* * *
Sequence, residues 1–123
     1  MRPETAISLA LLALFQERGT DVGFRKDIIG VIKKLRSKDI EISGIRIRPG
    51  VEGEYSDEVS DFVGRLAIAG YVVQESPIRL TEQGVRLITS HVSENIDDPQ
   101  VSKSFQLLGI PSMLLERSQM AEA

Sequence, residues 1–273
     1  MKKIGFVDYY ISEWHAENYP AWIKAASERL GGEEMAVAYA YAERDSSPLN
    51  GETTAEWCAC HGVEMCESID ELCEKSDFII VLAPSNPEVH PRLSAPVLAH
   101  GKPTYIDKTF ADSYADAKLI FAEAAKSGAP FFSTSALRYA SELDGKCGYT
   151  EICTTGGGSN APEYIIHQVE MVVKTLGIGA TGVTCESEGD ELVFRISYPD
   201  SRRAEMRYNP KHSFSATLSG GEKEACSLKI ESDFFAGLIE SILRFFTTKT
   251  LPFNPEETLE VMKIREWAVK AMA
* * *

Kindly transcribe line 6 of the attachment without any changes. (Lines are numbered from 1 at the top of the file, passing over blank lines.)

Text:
     1  MKKIGFVDYY ISEWHAENYP AWIKAASERL GGEEMAVAYA YAERDSSPLN